Yes, Valentine's Day, with its holiday-centric story and large ensemble cast (including Julia Roberts, Bradley Cooper, Shirley MacLaine, Anne Hathaway, Hector Elizondo, Jessica Biel, Ashton Kutcher, Jessica Alba, Topher Grace, Taylors Swift and Lautner, Grey's Anatomy stars Patrick Dempsey and Eric Dane, and my beloved Jennifer Garner), wants to be Love, Actually. But it's not. It's not even as good as last year's large-ensemble rom-com, He's Just Not That Into You (which I actually kind of liked). Rather, it's over-stuffed, overly long, really obvious, predictable, and pandering, and just an embarrassment for nearly everyone associated with it. Sure, I didn't groan as often as I thought I would, and for the first third or so, I thought this was actually kind of a light, fun flick, but some plot twists (such as the ones mentioned above) you can see coming from miles away and director Garry Marshall (Pretty Woman) takes his sweet time letting them play out. Ultimately, this is a film that's even more of a chore to get through than the day on which it's based.

Neither a good date movie nor a worthwhile anti-holiday movie, Valentine's Day instead confirms that February 14 is the stupidest of days, the most Hallmark of holidays. (And I actually like Valentine's Day!) That's why the movie gets a D from me.

Labels: , ,

Sunday, February 14, 2010

Love Ain't Gonna Let Me Down

Contrary to popular belief, I really don't have any problem with Valentine's Day. Sure, I'd probably like it more if I had someone to spend it with, but who needs another person? As the Beatles sang, "All you need is love." Or, to quote Stephen Stills, "If you can't be with the one you love, love the one you're with." And that's why today, like in years past, I'll be spending the day doing things I love: I'm going to sleep late. I'm going to have brunch. I may go to a movie. I'm going to talk with my niece. I'm going to watch the season premiere of The Amazing Race. I'm sure I'll have some form of cake. And I'm sure I'll listen to some great music, including Jamie Cullum's "Love Ain't Gonna Let You Down" and Dave Matthews Band's "You and Me." It's going to be a lovely day.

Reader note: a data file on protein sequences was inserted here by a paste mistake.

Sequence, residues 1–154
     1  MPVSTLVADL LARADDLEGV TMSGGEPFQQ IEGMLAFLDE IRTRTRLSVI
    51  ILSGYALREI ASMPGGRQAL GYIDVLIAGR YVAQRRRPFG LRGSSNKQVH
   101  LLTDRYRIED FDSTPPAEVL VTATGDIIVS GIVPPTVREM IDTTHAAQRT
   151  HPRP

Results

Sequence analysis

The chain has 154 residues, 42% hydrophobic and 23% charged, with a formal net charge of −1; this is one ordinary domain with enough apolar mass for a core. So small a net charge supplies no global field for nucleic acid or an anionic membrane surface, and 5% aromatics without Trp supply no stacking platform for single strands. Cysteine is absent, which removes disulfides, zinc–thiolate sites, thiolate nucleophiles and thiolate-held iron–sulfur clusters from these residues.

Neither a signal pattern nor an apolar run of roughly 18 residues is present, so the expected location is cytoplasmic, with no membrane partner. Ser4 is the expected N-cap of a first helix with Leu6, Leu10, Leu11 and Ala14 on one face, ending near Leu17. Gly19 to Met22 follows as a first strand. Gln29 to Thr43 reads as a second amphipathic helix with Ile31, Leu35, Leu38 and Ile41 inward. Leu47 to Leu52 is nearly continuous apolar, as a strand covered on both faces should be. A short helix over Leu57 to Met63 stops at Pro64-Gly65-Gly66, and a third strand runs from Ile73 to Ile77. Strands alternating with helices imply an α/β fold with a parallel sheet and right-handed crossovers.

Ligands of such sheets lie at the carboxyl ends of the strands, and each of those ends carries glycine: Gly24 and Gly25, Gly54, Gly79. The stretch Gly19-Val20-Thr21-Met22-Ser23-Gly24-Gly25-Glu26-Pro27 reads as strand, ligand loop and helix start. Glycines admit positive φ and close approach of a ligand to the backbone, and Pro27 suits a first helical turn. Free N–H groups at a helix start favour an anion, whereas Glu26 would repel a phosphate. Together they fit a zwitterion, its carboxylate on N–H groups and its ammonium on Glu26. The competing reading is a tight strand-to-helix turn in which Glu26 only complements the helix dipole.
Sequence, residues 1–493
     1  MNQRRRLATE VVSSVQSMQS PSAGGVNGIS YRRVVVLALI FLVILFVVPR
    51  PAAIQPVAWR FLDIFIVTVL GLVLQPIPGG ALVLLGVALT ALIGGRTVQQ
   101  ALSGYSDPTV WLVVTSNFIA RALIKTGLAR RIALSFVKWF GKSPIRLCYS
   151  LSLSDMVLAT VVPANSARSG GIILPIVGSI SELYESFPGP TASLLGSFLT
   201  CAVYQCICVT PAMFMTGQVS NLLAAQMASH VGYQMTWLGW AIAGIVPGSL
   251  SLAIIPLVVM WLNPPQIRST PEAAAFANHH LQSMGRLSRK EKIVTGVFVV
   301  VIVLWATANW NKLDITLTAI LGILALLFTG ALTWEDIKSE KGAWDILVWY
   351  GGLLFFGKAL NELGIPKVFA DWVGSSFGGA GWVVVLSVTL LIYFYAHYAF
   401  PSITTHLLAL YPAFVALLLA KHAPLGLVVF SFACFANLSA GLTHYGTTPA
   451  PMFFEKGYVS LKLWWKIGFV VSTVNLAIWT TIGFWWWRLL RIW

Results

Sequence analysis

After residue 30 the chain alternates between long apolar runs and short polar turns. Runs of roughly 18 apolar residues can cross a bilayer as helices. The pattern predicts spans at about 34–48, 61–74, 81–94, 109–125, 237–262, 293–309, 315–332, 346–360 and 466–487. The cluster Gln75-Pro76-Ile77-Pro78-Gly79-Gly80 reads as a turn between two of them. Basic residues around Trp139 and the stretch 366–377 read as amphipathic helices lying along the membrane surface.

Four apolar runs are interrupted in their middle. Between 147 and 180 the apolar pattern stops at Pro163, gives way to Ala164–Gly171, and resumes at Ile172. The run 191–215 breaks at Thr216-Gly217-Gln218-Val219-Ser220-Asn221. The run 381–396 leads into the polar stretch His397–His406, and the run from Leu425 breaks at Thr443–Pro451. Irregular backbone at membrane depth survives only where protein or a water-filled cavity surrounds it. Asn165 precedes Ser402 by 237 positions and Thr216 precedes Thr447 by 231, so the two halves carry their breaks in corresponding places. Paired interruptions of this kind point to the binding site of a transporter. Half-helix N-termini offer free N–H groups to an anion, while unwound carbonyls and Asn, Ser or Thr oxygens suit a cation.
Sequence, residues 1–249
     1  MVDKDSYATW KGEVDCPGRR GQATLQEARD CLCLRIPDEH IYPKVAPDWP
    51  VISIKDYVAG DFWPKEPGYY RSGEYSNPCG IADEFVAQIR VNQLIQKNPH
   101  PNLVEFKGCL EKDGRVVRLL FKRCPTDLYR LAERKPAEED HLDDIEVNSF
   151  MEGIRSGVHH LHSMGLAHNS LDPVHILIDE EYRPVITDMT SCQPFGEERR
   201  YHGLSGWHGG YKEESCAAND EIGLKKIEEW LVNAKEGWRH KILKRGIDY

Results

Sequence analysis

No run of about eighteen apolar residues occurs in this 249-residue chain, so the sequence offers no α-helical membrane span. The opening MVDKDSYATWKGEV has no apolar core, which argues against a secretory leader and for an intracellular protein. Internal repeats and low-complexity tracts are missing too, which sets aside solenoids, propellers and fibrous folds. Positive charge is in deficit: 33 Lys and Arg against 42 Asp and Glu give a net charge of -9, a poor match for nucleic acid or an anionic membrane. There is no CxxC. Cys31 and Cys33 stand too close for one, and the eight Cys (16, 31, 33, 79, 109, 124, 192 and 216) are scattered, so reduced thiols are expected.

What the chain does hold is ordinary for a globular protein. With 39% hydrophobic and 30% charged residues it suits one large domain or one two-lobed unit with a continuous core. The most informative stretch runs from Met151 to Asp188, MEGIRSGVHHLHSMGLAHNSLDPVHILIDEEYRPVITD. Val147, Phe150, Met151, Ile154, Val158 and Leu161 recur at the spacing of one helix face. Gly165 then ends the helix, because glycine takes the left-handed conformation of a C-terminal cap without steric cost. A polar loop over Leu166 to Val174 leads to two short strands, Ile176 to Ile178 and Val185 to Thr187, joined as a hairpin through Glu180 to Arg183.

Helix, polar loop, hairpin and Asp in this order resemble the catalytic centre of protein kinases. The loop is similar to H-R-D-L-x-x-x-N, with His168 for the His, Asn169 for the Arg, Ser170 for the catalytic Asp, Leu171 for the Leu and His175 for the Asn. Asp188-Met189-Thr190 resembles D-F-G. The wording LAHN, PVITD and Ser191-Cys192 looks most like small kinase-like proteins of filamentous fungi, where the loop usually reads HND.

So, whether you're single or in a relationship, I wish you a very Happy Valentine's Day, and a day full of love.

Labels: ,

Monday, February 08, 2010

Sunny Days

Since my parents basically live in Florida, going down there is more like going home than going on vacation. That said, going down to Florida with my niece, Abby, makes it a vacation. And that's exactly what I was doing last week. We all went down for our first full family vacation with Abby. The first half she was with my sister, brother-in-law, and his family, and the second half they were with me and my folks. And we had a blast: We went to Butterfly World and the Miami Seaquarium, we got Abby to go in the pool (and love it), and much more. Of course, it all ended too soon. But that's what pictures are for, and I took plenty. If you'd like to see a bunch of them, just click here. You'll see lots of great shots of a very happy 21-month-old, and her ecstatic parents, grandparents, and uncle. It was a great vacation, and I can't wait to go away with Abby again — even if it is to Florida.

Labels: , ,

Monday, February 01, 2010

Gentle Giant

When it was released in November, I had very little interest in seeing The Blind Side. But then Sandra Bullock started winning all kinds of awards (including the Golden Globe, Critics' Choice, and SAG) for her performance in the film, and she's a sure shot to be nominated for an Oscar, so I kind of figured I had to see the movie just to see what all the fuss was about, and to find out if she's really that good.

The pleasant surprise is that she is good. Really good. Not quite as good as Carey Mulligan or Gabourey Sidibe, but Bullock's sheer will, her determination, and her total investment in the role make The Blind Side worth seeing. (Another reason: She looks great.)

In the wrong hands, this film could have been a maudlin white-person's-guilt story about a rich white family in Memphis that takes in a poor black teenager from the other side of town and turns his life around. And at some points, Blind Side does play like a predictable Lifetime TV movie. But Bullock fights for this movie like her character fights for Michael Oher (the real-life kid who is now a player for the Baltimore Ravens football team), and the result is a movie that's heartwarming and much better than it has any right to be.

Is Bullock's performance one of the year's best? Possibly. But had this movie been released earlier in the year, I doubt we'd be talking about it now. Still, she makes The Blind Side worth seeing, and that's why I'm giving the movie a B+.